1. Set the HADOOP_CLASSNAME to the Java method. b. Add $HADOOP_CLIENT_OPTS to $HADOOP_OPTS (or, for YARN apps, $YARN_CLIENT_OPTS to $YARN_OPTS) if this is an interactive application or for some other reason should have the user client settings applied. c. For methods that can also be daemons, set HADOOP_SUBCMD_SUPPORTDAEMONIZATION=true. This will allow for the --daemon option to work. See more below. d. If it supports security, set HADOOP_SUBCMD_SECURESERVICE=true and HADOOP_SUBCMD_SECUREUSER equal to the user that should run the daemon.

  3. If a new subcommand needs one or more extra environment variables:
    1. Add documentation and a commented out example that shows the default setting. b. Add the default(s) to that subprojects' hadoop_subproject_init or hadoop_basic_init for common, using the current shell vars as a guide. (Specifically, it should allow overriding!)

Adding a Subcommand to an Existing Script (hadoop-tools-based)

As of HADOOP-12930, subcommands that come from hadoop-tools utilizing the Dynamic Subcommands functionality. This allows for end-users to replace/override these utilities with their own versions as well as prevent the classpath from exploding with extra dependencies.

  1. Create a src/main/shellprofile.d directory
  2. Inside there, create a hadoop-name.sh file that contains the bash functions necessary to create a Dynamic Subcommand. Note that versions that ship with hadoop need to verify that the function doesn't already exist. (See, for example, hadoop-archives/src/main/shellprofile.d)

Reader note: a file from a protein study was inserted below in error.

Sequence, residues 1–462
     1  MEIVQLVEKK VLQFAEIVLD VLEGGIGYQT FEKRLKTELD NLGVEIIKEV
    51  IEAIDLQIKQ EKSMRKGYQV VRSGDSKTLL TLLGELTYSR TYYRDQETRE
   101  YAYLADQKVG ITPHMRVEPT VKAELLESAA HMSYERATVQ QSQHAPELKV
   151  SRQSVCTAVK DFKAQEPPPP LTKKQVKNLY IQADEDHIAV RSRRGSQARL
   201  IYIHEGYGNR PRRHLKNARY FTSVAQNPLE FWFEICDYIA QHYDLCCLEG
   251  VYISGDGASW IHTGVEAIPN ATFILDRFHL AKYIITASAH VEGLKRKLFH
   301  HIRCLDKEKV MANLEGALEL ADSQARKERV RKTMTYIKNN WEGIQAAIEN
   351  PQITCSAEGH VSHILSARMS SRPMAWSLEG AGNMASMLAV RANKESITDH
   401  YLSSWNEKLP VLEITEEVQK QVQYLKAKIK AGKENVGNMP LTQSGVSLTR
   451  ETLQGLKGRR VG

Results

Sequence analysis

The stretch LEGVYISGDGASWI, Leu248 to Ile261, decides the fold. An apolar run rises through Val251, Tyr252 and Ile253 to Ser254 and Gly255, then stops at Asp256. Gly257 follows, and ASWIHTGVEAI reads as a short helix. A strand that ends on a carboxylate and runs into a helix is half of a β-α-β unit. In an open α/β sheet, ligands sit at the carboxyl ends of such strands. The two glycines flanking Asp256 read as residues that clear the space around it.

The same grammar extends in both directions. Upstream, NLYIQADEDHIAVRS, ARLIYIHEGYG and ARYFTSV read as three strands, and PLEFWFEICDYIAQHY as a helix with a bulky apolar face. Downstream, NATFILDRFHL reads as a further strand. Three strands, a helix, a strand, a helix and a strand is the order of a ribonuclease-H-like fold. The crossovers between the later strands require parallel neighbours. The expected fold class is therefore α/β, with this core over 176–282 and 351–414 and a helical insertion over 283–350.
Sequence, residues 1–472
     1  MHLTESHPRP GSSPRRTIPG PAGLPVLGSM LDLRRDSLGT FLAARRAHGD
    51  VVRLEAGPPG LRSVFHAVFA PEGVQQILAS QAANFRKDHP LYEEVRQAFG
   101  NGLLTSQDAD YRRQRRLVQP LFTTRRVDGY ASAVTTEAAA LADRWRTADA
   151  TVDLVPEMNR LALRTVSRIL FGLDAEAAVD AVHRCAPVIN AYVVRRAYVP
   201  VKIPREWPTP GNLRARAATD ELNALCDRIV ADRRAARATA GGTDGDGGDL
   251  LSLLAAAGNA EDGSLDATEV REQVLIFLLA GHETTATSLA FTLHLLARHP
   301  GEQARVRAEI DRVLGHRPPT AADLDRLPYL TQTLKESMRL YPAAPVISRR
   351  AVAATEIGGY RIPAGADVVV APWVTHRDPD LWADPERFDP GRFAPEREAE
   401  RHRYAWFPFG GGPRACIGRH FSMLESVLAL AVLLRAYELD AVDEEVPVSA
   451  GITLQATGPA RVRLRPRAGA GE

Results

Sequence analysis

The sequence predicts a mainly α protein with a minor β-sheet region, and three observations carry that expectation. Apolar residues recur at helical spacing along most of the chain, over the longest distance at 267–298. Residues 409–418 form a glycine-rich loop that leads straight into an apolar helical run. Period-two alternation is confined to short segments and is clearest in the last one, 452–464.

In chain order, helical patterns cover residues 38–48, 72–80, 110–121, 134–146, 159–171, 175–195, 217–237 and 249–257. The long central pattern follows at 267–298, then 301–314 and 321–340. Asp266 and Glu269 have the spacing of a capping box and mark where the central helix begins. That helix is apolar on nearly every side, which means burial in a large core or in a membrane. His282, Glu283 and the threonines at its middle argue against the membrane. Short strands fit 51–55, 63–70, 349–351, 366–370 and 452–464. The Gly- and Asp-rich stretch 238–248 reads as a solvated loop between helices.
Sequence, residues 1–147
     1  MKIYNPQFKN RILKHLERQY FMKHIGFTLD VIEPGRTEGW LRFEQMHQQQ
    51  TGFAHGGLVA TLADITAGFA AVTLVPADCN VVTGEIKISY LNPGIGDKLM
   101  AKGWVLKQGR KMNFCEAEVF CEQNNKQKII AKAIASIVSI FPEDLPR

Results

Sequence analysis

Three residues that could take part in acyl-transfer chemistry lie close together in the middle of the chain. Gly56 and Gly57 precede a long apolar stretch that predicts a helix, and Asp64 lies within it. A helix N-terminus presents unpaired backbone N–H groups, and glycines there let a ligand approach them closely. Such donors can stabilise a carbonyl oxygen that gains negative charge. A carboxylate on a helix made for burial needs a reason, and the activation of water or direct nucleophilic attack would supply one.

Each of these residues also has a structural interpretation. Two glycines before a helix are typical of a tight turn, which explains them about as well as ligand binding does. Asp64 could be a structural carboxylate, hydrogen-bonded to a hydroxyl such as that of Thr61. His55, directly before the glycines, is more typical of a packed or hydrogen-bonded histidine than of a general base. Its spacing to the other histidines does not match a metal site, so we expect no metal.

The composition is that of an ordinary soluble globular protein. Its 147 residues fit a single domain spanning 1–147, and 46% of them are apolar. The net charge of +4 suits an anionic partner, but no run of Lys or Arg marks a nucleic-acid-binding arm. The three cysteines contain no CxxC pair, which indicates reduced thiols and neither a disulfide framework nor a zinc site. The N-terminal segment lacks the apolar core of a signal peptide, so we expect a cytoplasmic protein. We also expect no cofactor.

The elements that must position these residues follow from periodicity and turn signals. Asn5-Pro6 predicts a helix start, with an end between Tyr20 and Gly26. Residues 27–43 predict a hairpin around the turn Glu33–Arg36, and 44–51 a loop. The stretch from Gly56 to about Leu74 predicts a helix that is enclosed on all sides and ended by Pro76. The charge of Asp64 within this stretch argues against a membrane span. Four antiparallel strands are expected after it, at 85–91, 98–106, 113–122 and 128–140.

3. Modify the hadoop-tools assembly to copy this shellprofile.d in the correct place.
  4. To get hadoop_add_to_classpath_tools functionality to work for your command, add the following to your pom.xml. This uses the Maven dependency plug-in to create a file that the build system will use to create the file needed by that function.

       <plugin>
        <groupId>org.apache.maven.plugins</groupId>
        <artifactId>maven-dependency-plugin</artifactId>
        <executions>
          <execution>
            <id>deplist</id>
            <phase>compile</phase>
            <goals>
              <goal>list</goal>
            </goals>
            <configuration>
              <!-- referenced by a built-in command -->
              <outputFile>${project.basedir}/target/hadoop-tools-deps/${project.artifactId}.tools-builtin.txt</outputFile>
            </configuration>
          </execution>
        </executions>
      </plugin>

Better Practices

Standard Environment Variables